Yet here I am getting ready to hit “post” on this mishmosh of thoughts.
Until next time,
Right now there is a need for our stories to be told from our perspective to illustrate the diversity that exists in the world. When I say our, I mean American Indians. But what happens when we tell do tell our stories and our own people don’t like it? When you are trying to spread knowledge and stories, but the victims of the crimes and their families feel cheated and used, who are you helping? As a writer, when you tell a story, who can tell it, when is it not “too soon”, when is just promotion to sell your work and profit from someone else’s misery.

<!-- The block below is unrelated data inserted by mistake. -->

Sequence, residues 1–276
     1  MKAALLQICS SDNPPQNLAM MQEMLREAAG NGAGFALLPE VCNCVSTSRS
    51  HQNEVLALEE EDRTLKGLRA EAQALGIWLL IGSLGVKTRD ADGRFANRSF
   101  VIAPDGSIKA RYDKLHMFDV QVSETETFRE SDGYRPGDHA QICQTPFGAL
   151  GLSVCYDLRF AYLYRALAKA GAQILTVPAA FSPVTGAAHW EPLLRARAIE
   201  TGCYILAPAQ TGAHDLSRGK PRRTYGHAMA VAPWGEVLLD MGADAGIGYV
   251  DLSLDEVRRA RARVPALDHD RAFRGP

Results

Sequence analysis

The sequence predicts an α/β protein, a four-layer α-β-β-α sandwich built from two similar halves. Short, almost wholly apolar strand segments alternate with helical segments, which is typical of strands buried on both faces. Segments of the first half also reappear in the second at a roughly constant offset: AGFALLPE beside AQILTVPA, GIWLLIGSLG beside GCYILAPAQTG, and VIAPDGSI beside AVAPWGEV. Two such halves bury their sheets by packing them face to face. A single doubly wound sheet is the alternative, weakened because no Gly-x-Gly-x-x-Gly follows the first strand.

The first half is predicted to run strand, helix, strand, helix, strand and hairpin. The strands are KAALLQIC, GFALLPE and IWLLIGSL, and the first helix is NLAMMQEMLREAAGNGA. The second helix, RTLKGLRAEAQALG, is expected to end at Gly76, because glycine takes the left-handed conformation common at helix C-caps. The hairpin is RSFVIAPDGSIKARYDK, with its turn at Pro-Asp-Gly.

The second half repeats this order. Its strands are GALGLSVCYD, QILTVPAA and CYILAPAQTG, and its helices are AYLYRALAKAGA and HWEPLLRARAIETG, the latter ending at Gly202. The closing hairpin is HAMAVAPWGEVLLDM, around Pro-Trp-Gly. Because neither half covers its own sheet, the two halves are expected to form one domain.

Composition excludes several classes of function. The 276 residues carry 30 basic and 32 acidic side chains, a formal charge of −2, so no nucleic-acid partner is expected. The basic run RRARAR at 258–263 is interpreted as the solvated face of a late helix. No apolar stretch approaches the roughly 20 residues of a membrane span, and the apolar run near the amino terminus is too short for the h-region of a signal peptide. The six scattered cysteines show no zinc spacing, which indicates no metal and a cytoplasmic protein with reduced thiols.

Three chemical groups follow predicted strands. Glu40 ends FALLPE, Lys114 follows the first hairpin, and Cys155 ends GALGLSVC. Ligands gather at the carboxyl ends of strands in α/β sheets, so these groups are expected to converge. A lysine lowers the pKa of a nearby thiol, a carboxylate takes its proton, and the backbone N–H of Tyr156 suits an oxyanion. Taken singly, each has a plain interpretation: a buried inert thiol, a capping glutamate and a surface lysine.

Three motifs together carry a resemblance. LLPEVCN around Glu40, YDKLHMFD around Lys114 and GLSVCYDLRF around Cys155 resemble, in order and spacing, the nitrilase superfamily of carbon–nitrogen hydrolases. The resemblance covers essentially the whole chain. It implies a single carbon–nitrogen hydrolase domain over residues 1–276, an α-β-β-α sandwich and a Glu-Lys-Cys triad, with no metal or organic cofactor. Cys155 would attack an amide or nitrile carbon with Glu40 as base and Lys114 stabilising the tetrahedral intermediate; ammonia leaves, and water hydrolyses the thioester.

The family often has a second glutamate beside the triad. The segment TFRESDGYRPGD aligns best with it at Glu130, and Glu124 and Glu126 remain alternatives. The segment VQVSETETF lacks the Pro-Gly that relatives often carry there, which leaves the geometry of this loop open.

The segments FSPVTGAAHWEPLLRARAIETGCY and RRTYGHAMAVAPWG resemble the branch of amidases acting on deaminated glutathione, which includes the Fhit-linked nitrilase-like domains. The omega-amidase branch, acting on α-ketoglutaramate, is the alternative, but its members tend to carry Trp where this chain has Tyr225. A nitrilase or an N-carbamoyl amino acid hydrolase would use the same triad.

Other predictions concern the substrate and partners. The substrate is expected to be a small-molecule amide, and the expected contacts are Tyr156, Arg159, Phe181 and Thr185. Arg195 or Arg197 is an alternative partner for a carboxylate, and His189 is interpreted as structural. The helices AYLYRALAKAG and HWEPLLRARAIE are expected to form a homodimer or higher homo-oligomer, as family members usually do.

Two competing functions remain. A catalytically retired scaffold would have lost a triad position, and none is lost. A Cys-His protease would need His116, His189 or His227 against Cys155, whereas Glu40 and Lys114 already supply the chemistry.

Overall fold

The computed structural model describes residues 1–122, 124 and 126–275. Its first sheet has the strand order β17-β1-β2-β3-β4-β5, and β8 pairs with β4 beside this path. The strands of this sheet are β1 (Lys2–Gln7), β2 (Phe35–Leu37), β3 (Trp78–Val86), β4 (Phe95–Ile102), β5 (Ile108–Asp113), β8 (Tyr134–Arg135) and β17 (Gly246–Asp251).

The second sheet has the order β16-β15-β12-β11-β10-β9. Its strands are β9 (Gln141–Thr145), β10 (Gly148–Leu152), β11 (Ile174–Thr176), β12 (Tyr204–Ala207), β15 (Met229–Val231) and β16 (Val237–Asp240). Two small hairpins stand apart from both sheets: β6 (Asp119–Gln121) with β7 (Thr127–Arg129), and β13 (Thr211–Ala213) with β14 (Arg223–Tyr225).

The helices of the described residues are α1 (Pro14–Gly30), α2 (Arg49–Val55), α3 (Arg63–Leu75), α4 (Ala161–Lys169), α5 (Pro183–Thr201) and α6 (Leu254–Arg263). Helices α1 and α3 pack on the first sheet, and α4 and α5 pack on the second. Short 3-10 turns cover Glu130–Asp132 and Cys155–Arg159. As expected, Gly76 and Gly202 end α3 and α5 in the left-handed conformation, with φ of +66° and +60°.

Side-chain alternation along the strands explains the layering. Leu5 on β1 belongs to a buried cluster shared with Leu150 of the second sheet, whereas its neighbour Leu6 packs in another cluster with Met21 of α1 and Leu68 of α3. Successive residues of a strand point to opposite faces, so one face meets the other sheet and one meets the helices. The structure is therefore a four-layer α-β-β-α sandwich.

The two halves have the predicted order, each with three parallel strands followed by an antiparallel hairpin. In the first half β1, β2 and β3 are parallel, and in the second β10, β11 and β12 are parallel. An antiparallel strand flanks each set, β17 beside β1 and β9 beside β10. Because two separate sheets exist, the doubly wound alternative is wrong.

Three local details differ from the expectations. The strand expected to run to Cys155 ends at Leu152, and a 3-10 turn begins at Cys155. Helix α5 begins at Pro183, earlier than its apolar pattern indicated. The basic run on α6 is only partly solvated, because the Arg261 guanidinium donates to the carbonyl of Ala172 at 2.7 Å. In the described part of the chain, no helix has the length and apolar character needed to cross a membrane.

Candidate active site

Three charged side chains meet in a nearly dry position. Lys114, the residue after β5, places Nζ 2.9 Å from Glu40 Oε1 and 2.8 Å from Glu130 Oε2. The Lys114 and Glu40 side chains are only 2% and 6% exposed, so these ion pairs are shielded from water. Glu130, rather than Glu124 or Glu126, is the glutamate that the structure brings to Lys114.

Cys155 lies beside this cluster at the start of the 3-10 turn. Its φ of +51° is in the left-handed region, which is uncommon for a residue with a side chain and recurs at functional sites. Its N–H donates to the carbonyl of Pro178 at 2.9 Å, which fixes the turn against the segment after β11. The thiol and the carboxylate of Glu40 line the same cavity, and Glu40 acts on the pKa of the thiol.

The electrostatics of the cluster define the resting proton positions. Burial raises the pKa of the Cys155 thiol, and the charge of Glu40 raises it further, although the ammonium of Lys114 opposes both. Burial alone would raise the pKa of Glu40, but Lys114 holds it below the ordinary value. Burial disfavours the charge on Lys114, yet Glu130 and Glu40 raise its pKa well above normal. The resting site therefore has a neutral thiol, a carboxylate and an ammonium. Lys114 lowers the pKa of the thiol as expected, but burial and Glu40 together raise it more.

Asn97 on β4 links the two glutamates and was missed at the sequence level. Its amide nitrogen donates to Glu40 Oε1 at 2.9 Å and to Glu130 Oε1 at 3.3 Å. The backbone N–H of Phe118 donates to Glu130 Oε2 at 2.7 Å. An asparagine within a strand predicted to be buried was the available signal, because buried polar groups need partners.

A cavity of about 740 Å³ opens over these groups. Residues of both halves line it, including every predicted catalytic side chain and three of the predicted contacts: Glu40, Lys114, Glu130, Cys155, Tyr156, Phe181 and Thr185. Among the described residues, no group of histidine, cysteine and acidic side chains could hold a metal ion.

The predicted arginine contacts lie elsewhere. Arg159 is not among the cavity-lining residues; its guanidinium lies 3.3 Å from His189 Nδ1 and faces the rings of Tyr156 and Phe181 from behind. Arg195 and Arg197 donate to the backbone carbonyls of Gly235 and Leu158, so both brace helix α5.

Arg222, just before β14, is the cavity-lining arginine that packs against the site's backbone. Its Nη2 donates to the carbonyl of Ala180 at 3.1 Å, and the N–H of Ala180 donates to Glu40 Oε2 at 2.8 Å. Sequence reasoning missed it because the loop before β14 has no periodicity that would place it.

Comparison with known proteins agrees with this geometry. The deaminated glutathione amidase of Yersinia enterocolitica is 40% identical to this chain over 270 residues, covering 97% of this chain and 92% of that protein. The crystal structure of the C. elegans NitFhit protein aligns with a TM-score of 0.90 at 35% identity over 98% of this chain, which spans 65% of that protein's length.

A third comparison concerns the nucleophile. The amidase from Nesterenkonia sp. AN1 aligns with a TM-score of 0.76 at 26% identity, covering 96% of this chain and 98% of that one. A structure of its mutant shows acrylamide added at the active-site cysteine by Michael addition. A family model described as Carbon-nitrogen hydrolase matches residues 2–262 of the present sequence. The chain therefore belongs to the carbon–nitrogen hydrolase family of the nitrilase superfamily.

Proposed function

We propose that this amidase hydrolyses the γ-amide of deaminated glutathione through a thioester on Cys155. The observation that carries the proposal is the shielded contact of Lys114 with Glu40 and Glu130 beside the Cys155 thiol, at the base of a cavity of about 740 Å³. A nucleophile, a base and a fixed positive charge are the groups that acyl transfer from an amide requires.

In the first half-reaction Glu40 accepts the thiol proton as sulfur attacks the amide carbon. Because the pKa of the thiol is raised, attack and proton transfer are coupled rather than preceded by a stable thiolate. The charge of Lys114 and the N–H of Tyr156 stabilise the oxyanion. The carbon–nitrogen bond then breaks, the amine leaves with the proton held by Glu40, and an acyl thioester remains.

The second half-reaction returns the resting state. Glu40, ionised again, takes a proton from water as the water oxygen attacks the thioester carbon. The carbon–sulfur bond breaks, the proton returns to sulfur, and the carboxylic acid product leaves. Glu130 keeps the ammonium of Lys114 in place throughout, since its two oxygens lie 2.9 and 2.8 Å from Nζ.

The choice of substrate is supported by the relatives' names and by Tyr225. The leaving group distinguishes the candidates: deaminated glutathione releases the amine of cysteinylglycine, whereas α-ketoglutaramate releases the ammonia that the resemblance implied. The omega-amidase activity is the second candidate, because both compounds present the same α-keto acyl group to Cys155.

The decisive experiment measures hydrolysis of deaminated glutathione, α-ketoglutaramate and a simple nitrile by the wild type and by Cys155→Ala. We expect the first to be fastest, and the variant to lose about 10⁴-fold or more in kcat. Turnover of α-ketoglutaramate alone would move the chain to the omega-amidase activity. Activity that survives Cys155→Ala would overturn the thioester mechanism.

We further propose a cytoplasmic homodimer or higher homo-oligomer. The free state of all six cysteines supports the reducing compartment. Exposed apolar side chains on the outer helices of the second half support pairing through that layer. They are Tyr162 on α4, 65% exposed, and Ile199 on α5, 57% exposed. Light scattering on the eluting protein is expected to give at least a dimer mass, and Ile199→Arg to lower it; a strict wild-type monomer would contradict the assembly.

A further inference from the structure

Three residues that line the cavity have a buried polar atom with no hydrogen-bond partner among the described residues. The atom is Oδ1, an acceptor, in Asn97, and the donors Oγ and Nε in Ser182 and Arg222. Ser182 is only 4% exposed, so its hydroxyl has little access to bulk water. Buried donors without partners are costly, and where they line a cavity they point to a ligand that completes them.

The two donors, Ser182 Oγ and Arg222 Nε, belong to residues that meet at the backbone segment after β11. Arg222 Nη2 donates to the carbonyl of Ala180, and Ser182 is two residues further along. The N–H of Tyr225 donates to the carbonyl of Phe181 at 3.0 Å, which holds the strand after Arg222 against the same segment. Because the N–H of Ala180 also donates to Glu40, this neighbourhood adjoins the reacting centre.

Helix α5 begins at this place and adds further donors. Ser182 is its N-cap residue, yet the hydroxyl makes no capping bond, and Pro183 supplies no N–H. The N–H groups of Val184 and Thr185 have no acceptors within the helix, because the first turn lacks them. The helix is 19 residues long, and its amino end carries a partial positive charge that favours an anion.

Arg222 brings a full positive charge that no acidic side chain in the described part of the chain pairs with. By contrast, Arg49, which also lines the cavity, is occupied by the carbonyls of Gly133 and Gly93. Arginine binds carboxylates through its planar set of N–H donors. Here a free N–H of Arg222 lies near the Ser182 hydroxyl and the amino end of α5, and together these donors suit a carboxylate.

While working on a devised piece on boarding schools, my theater group read brief pages from a book then improvised the story surrounding that page. One person was then assigned to write out the scene we had just performed and the next week we would read the new scenes aloud. We talked about it as a group and further changes may or may not happen, but the conversation did help us to understand the process as well as how others saw the story. As a group of American Indian performers from different backgrounds and tribes, our understanding of the boarding school experience differed, as did the message we wanted to give the world. As we read the stories from the book, that helped form our own interpretation of the actual incident. Not once did I consider how I was glorifying someone else’s pain or justifying the actions of the school administrators and parents.